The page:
But the debt-burdened millennial didn't materialize in 2018. That long-standing trend is likely contributing to the overall slowdown, though it doesn't necessarily explain the precipitous drop in fourth-quarter home sales.

Other factors that may have had an impact but are harder to pin down: rising construction costs, a reduction in the mortgage deduction in the new tax law, tightening credit standards by some lenders, and less flexibility in underwriting.

If profits are down, why are lenders rejecting more mortgage applications?

Curiously, despite less homebuying demand and falling revenues, the rate of mortgage and refinancing application rejections also shot up in the second half of the year, according to data from the Federal Reserve Bank of New York.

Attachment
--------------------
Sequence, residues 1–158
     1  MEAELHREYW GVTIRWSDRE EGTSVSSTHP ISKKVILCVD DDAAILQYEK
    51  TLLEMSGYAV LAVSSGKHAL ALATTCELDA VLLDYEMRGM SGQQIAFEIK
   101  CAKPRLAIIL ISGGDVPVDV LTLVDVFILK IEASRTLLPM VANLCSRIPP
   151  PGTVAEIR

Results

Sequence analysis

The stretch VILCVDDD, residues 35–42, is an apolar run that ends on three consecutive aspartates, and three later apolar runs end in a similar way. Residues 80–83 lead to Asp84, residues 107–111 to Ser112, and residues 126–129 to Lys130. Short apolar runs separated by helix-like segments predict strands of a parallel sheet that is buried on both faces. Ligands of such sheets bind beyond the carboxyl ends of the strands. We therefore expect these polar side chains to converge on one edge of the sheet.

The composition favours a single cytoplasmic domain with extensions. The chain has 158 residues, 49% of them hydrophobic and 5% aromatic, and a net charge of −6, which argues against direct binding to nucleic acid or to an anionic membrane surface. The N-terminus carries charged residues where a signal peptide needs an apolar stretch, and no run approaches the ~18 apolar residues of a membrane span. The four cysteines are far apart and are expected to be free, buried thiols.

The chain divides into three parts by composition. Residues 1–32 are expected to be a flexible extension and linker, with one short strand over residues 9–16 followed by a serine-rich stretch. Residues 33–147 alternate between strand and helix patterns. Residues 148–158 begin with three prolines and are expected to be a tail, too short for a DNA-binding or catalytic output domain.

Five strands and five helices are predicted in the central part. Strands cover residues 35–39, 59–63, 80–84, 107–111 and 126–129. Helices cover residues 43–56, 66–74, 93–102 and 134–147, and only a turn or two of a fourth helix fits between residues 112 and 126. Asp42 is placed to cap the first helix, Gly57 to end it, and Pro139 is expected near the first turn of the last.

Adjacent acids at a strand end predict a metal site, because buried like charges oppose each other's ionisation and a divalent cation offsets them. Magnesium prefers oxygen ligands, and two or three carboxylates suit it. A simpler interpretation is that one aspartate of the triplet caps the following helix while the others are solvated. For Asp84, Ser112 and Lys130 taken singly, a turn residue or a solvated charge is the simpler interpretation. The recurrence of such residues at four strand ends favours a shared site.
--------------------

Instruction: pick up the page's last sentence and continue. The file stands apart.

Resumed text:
In its "Credit Access Survey" - a quarterly report on US borrowers - the Fed found in October that even as mortgage applications among those surveyed fell from 9.2% to 6.7% over the previous year, the portion of respondents who experienced a mortgage application rejection increased from 15.6% to 19%, the highest mark in the survey since February 2015.

Why would lenders, already facing headwinds in their mortgage businesses, start denying more applications?

Two Moody's analysts Business Insider spoke with said they hadn't noticed tightening lending standards for residential mortgages. Home-lending standards have actually been loosening of late, they said.

Charge-offs have been on the downswing, though, suggesting lenders have been doling credit out responsibly in recent years.

"The squeeze on mortgage originators is encouraging them to move down the credit spectrum, but it's a slow, measured shift," Warren Kornfeld, a senior vice president covering financial institutions at Moody's, told Business Insider.

But it could still be the case that lenders experienced an influx of applications from borrowers they deemed too risky to lend to. The Fed has telegraphed its rate hikes, so savvier and more credit-worthy borrowers may have taken action early on to get a cheaper mortgage rate.